• BKMD wrote:
    At least I have a rain coat and umbrella. That's what happens when you live in a place where it rarely rains :-)

    An umbrella may not do you much good in Patagonia. The winds are often near gale force (a bus - not ours- got blown over on its side when we were there). That's why I would recommend the rain pants for this trip.

    I have a pair I bought a few years ago and often carry on trips (they're light and pack in a 3x6 inch stuff sack). I think I've worn them once, but they are cheap insurance. My superstition is that if I bring them, it won't rain.

    Doesn't rain much here in Vegas. 3-4" per year.
  • Ken - Here in Denver, we get a bit more rain than that, but most of it is pre-scheduled for 4 PM in summer thunderstorms :-)

    Having the raincoat worked wonders for Scandinavia this past summer. They said Bergen gets 300 days of rain/year, and we had 3 sunny days with barely a cloud. Only place I needed the raincoat was the glacier hike, crossing the bridge in front of the waterfall.

    Did pick up rain pants at REI yesterday. Will come in handy for next summer's Alaska trip, too.
  • British wrote:
    We are about to go on this tour. My husband has never taken a jacket on a Tauck tour and as this tour also demands lots of layers and waterproof shoes, there certainly won’t be room for one. We have never felt out of place at any of the Welcome and Farewell dinners, in fact, in recent years, people have become more and more and more casual to the point that sometimes we have felt overdressed. Our priority as Ken mentions, is to hope we have the correct clothing for the actual tour, not just for two dinners. It’s auote a challenging tour to book for. We already know who our tour director will be and are thrilled about that since we have had her on two previiis tours. Mr B is following her current tour postings on Facebook and noting clothing people are wearing.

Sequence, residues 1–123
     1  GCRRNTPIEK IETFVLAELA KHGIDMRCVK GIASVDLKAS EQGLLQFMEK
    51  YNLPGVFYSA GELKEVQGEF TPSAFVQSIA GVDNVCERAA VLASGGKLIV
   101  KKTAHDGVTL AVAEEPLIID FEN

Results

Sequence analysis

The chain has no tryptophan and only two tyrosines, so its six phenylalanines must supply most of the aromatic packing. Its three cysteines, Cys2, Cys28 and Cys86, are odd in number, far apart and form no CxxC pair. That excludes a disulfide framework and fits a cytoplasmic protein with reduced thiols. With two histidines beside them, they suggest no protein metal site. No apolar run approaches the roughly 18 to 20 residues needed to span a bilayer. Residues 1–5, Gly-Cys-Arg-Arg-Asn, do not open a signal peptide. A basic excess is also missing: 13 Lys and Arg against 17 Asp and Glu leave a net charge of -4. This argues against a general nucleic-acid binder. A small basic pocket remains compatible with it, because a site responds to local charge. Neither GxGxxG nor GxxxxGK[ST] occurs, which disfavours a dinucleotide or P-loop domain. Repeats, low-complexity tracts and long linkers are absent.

British - I will be very interested to read your detailed review of this trip. When are you leaving? I read your detailed comments on the Iceland tour and it was really useful (do it on our own!). Separately, I totally agree jackets are not needed for men, and Tauck tours are becoming more casual (yeah!). We did Grand Australia & New Zealand last year and it wasn't needed. Separately, while I own rain paints, I don't own waterproof shoes. What are we talking here - Hunter boots?
  • CatLover8 wrote:
    Separately, while I own rain paints, I don't own waterproof shoes. What are we talking here - Hunter boots?

    Waterproof hiking boots or waterproof trail running shoes. Keen and Columbia (and probably others) make the latter. LL Bean duck shoes (the low tops) or Bogs would also work. There is no need for a high top boot, just a waterproof shoe for stepping through puddles.
  • Cat lover, I hope I have the time to document our trip along the way because I know there are going to be some really long days. I never document times when we get back from places on the tour, but I have noted that people do when questions are asked of them on the forum. Maybe I could do that. These days I do one type of diary for myself that I often transpose in my photo book and one that might be helpful to people on the forum.
    As I mentioned earlier somewhere on the Patagonia forum, we already know who our tour director will be, barring unforeseen circumstances and have had a couple of tips from her, the funniest being... bring lots of dental floss, you'll be eating a lot of meat.